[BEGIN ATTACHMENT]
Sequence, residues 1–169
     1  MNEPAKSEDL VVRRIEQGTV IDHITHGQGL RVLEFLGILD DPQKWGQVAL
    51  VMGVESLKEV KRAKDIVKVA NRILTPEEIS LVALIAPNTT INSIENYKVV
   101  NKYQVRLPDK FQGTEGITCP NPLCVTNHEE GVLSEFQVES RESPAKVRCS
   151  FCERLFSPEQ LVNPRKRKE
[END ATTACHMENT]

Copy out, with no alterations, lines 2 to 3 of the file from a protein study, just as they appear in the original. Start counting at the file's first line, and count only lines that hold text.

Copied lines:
     1  MNEPAKSEDL VVRRIEQGTV IDHITHGQGL RVLEFLGILD DPQKWGQVAL
    51  VMGVESLKEV KRAKDIVKVA NRILTPEEIS LVALIAPNTT INSIENYKVV